Eastern Purple Coneflower

Eastern Purple Coneflower Plant Information

Eastern Purple Coneflower grows in the following 28 states:

Colorado, Connecticut, Georgia, Illinois, Indiana, Kansas, Kentucky, Maryland, Mississippi, North Carolina, Oklahoma, Pennsylvania, South Carolina, Wisconsin, West Virginia, Alabama, Arkansas, Florida, Iowa, Louisiana, Michigan, Missouri, New Jersey, New York, Ohio, Tennessee, Texas, Virginia

Echinacea purpurea (eastern purple coneflower or purple coneflower) is a North American species of flowering plant in the sunflower family. It is native to eastern North America and present to some extent in the wild in much of the eastern, southeastern and midwestern United States as well as in the Canadian Province of Ontario. It is most common in the Ozarks and in the Mississippi/Ohio Valley.

Echinacea purpurea is an herbaceous perennial up to 120cm (47in) tall by 25cm (10in) wide at maturity. Depending on the climate, it blooms throughout spring to late summer. Its cone-shaped flowering heads are usually, but not always, purple in the wild. Its individual flowers (florets) within the flower head are hermaphroditic, having both male and female organs in each flower. It is pollinated by butterflies and bees. Its habitats include dry open woods, prairies and barrens, as well as in cultivated beds. Although the plant prefers loamy or sandy, well-drained soils, it is little affected by the soil's pH.
Echinacea purpurea is also grown as an ornamental plant, and numerous cultivars have been developed for flower quality and plant form. Unable to grow in the shade, it thrives in either dry or moist soil and can tolerate drought once established. The cultivar 'Ruby Giant' following has gained the Royal Horticultural Society's Award of Garden Merit.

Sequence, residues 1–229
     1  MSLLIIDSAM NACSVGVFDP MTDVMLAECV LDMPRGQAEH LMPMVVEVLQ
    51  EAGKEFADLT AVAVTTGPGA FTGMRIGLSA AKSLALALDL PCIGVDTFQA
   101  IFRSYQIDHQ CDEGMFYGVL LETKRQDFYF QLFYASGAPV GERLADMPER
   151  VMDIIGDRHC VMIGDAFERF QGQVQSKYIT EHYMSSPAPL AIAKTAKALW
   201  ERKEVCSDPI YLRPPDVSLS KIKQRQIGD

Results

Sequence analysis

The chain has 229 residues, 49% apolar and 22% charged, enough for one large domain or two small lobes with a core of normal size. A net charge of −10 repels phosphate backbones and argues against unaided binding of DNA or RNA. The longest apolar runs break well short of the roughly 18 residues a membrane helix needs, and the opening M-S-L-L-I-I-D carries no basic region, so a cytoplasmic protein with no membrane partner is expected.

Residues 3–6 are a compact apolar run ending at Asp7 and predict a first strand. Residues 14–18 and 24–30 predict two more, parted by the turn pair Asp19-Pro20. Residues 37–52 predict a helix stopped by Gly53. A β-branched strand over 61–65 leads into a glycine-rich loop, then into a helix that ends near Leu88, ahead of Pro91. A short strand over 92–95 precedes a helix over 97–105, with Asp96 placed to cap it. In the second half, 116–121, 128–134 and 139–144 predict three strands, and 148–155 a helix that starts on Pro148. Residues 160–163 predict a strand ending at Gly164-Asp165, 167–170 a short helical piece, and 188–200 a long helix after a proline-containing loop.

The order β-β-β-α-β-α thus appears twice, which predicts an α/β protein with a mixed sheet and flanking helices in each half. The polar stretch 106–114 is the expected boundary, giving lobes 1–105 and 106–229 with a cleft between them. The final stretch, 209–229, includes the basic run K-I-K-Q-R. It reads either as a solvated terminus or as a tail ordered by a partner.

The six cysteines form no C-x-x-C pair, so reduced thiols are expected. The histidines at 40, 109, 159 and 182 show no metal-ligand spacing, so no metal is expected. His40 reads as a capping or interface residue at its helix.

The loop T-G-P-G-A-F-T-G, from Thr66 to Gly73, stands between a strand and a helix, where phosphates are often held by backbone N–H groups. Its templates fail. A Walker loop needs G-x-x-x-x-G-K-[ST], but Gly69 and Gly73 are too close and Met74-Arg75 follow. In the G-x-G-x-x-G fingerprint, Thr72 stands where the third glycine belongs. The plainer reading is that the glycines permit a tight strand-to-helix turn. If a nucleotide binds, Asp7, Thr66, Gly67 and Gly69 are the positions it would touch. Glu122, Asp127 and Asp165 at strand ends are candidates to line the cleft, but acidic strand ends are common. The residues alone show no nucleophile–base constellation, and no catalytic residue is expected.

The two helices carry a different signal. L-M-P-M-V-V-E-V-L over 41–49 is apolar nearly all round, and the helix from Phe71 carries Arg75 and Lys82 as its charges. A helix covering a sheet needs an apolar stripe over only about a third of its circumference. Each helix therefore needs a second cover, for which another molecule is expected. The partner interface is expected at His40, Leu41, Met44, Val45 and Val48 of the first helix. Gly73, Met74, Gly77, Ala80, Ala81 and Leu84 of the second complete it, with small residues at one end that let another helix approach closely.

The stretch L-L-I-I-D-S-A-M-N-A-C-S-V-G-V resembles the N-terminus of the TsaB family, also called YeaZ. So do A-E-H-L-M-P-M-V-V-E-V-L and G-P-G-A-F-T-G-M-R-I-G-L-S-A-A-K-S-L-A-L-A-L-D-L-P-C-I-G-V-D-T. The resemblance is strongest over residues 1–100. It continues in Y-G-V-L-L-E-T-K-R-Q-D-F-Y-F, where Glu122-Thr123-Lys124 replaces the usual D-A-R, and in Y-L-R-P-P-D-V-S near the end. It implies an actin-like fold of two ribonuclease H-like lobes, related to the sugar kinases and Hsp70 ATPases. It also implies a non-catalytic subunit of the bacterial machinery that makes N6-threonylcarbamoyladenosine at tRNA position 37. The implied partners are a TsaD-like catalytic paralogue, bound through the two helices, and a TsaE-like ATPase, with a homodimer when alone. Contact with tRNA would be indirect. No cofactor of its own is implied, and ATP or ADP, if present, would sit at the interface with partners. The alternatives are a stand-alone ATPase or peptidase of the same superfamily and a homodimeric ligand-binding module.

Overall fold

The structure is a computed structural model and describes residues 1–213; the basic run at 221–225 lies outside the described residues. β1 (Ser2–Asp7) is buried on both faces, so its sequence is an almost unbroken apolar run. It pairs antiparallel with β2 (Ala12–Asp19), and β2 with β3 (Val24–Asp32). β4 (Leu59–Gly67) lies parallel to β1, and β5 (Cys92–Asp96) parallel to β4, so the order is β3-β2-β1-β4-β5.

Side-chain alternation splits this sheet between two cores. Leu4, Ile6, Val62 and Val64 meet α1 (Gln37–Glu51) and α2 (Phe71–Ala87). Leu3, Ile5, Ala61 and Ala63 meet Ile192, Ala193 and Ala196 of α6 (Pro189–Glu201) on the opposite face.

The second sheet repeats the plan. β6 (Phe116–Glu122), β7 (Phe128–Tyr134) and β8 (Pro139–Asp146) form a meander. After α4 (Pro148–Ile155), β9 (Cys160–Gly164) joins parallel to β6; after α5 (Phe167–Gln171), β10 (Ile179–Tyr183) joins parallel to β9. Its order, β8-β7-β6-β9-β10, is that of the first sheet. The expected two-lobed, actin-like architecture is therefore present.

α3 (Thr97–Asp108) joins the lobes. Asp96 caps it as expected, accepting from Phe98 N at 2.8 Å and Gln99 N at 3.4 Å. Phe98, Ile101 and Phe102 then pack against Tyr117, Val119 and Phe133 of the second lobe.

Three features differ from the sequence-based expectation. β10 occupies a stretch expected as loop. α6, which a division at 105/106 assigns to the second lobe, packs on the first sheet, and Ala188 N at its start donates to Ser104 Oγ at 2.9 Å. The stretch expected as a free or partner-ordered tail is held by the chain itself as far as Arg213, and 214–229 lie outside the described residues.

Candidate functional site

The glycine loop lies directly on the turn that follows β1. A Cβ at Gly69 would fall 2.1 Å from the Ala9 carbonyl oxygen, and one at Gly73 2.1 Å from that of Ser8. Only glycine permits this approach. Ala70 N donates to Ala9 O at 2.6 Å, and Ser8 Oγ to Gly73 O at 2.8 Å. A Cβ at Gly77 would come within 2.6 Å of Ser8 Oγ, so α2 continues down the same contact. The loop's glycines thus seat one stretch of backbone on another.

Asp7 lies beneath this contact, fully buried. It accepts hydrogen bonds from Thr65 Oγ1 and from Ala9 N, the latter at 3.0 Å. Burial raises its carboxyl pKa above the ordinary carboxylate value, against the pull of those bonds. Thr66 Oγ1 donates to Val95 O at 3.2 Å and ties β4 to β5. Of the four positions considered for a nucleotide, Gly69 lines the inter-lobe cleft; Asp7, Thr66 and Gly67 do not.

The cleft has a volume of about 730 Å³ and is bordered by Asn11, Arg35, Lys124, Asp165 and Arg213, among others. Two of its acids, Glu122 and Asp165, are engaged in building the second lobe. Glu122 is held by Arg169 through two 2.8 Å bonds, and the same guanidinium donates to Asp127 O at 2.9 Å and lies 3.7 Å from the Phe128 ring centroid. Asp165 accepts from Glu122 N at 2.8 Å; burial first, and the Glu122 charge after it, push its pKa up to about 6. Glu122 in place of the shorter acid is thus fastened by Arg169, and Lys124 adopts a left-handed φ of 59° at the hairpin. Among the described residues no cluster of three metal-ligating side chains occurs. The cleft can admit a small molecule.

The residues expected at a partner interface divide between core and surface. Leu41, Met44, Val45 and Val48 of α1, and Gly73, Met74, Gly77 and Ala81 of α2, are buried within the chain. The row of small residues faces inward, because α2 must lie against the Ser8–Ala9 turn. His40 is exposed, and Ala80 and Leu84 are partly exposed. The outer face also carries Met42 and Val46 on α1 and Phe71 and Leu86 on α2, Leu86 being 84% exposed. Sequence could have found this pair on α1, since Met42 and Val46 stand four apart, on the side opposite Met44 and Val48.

Echinacea purpurea can be propagated either vegetatively or from seeds. Useful vegetative techniques include division, root cuttings, and basal cuttings. Clumps can be divided, or broken into smaller bunches, which is normally done in the spring or autumn. Cuttings made from roots that are "pencil-sized" will develop into plants when started in late autumn or early winter. Cuttings of basal shoots in the spring may be rooted when treated with rooting hormones, such as IBA at 1000ppm.
Seed germination occurs best with daily temperature fluctuations or after stratification, which help to end dormancy. Seeds may be started indoors in advance of the growing season or outdoors after the growing season has started.
Slugs eat this plant.
Echinacea purpurea contains multiple substances, such as polysaccharides, caffeic acid derivatives (including cichoric acid), alkamides, and glycoproteins.
In indigenous medicine of the native American Indians, the plant was used externally for wounds, burns, and insect bites, chewing of roots for toothache and throat infections; internal application was used for pain, cough, stomach cramps, and snake bites.
Well-controlled trials studying these uses are limited and low in quality. Study results are mixed on whether preparations including Echinacea can be useful for upper respiratory tract infections including colds.
Side effects include gastrointestinal effects and allergic reactions, including rashes, increased asthma, and life-threatening anaphylaxis.

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